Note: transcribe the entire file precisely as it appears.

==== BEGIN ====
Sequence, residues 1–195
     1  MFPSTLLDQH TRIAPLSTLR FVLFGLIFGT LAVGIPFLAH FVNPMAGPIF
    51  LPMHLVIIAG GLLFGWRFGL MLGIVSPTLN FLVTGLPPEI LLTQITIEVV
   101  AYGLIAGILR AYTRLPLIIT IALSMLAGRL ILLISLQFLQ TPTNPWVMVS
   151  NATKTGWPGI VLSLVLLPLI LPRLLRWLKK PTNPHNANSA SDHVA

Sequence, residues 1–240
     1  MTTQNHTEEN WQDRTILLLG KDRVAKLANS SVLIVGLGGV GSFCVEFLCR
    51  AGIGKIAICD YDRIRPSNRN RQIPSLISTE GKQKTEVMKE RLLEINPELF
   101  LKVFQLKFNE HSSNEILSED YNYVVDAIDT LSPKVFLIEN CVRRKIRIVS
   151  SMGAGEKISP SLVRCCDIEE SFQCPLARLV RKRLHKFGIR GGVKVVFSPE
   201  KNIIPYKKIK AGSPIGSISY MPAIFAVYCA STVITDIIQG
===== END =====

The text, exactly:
Sequence, residues 1–195
     1  MFPSTLLDQH TRIAPLSTLR FVLFGLIFGT LAVGIPFLAH FVNPMAGPIF
    51  LPMHLVIIAG GLLFGWRFGL MLGIVSPTLN FLVTGLPPEI LLTQITIEVV
   101  AYGLIAGILR AYTRLPLIIT IALSMLAGRL ILLISLQFLQ TPTNPWVMVS
   151  NATKTGWPGI VLSLVLLPLI LPRLLRWLKK PTNPHNANSA SDHVA

Sequence, residues 1–240
     1  MTTQNHTEEN WQDRTILLLG KDRVAKLANS SVLIVGLGGV GSFCVEFLCR
    51  AGIGKIAICD YDRIRPSNRN RQIPSLISTE GKQKTEVMKE RLLEINPELF
   101  LKVFQLKFNE HSSNEILSED YNYVVDAIDT LSPKVFLIEN CVRRKIRIVS
   151  SMGAGEKISP SLVRCCDIEE SFQCPLARLV RKRLHKFGIR GGVKVVFSPE
   201  KNIIPYKKIK AGSPIGSISY MPAIFAVYCA STVITDIIQG